Movie Review: Madagascar: Escape 2 Africa

December 3, 2008 Updated: October 1, 2015

Toy Story aside, few animated films actually warrant a sequel. And when Madagascar was released in all its Tex Avery infused, eye-popping colourful CGI, to millions of kerchings and very little soul, few would have demanded the further adventures of the highly paid voiceover actors as Central Park Zoo animals.

With this inevitable release you would have at least expected Dreamworks to improve on the things they got wrong first time round. Namely, too much of Ben Stiller’s Alex the lion and not enough of the crackpot team of military penguins. So it’s an elephant sized disappointment that Escape 2 Africa is much more of the same, tame stuff with even more Stiller and even less of our flightless friends.

Stiller’s extrovert lion, David Schwimmer’s neurotic giraffe, Chris Rock’s motormouth zebra, and Jada Pinkett Smith’s pampered hippo are about to leave Madagascar via King Julian’s (voiced brilliantly by Sacha Baron Cohen) plane catapult. Making it as far as Africa, and thanks to some inept piloting from the black and white crew, they crash land in the watering hole where Alex grew up as a cub. Alex is confronted with the parents he never knew (father Zuba brought to life by the late Bernie Mac), and each of our endangered species must overcome their own personal obstacles to find that most cliched of animated oucomes, “acceptance”.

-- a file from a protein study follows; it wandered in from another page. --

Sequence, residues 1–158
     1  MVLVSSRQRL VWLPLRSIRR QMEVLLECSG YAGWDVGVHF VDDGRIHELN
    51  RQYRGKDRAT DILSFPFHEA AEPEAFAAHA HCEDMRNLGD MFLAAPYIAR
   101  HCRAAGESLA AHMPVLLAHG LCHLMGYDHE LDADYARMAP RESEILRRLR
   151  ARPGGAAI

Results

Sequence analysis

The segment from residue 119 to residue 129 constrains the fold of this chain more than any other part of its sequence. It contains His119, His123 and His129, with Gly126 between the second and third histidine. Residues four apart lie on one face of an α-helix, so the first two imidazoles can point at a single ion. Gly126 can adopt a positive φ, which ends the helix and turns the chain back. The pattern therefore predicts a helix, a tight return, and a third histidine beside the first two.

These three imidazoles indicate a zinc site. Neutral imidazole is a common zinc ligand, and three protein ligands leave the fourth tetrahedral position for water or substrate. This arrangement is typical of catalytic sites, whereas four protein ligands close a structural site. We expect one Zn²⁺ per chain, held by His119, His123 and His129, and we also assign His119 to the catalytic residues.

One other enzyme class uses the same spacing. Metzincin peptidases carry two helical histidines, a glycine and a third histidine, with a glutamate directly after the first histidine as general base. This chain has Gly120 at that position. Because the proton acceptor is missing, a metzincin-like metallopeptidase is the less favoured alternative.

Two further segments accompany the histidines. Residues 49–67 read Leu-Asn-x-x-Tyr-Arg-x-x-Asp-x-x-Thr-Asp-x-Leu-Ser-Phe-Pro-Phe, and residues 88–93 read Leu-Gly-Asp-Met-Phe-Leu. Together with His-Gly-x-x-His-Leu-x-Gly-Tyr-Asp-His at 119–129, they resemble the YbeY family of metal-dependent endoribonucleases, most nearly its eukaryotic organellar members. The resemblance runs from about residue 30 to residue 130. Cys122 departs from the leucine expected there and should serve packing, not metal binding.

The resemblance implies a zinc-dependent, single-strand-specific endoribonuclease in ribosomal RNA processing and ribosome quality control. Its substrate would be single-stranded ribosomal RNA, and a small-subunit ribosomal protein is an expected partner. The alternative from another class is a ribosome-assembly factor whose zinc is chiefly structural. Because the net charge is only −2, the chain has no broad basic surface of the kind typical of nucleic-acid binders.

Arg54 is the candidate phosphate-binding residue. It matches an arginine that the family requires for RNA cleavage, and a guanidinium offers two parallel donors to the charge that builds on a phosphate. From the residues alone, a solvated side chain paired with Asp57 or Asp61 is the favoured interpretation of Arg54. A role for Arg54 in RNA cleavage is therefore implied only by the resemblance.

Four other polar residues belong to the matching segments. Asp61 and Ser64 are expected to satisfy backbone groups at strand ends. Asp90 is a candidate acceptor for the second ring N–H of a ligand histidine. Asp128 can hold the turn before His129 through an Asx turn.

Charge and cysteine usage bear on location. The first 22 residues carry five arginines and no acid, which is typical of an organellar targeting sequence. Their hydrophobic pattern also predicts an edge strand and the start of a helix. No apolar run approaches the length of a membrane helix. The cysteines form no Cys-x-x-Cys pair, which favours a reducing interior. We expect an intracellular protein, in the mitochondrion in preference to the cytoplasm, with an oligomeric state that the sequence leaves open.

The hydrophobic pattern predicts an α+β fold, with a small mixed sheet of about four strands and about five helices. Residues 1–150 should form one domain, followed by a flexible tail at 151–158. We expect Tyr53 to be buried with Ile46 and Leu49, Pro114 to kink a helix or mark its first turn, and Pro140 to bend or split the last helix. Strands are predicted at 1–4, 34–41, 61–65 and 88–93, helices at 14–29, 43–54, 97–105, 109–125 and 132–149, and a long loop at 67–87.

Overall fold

That might sound a bit cynical for an analysis of a kids film but so often animated features think their key demographic will be happy with bright colours and tired slapstick. The message of the movie is fine, but in its simple repetition of the first films moral dilemmas, boredom often ensues until one of the monkeys makes a joke about “slinging poo”.

On the subject of misjudging the young ’uns sat goggle-eyed in the front row, there is a truly brilliant, but genuinely frightening introduction in which a young Alex is lured away by poachers as his father is shot at. It’s up there with Bambi’s mother and Simba’s father. Add to that some uncomfortable, overtly sexual hippo flirting that stampedes on the word subtle and you have a mess the size of a dung heap.

Few will be bothered by this as they flock to feed these animals the cash they’re after, but there’s more awe, emotion and comedy in a 20-minute Discovery Channel safari documentary.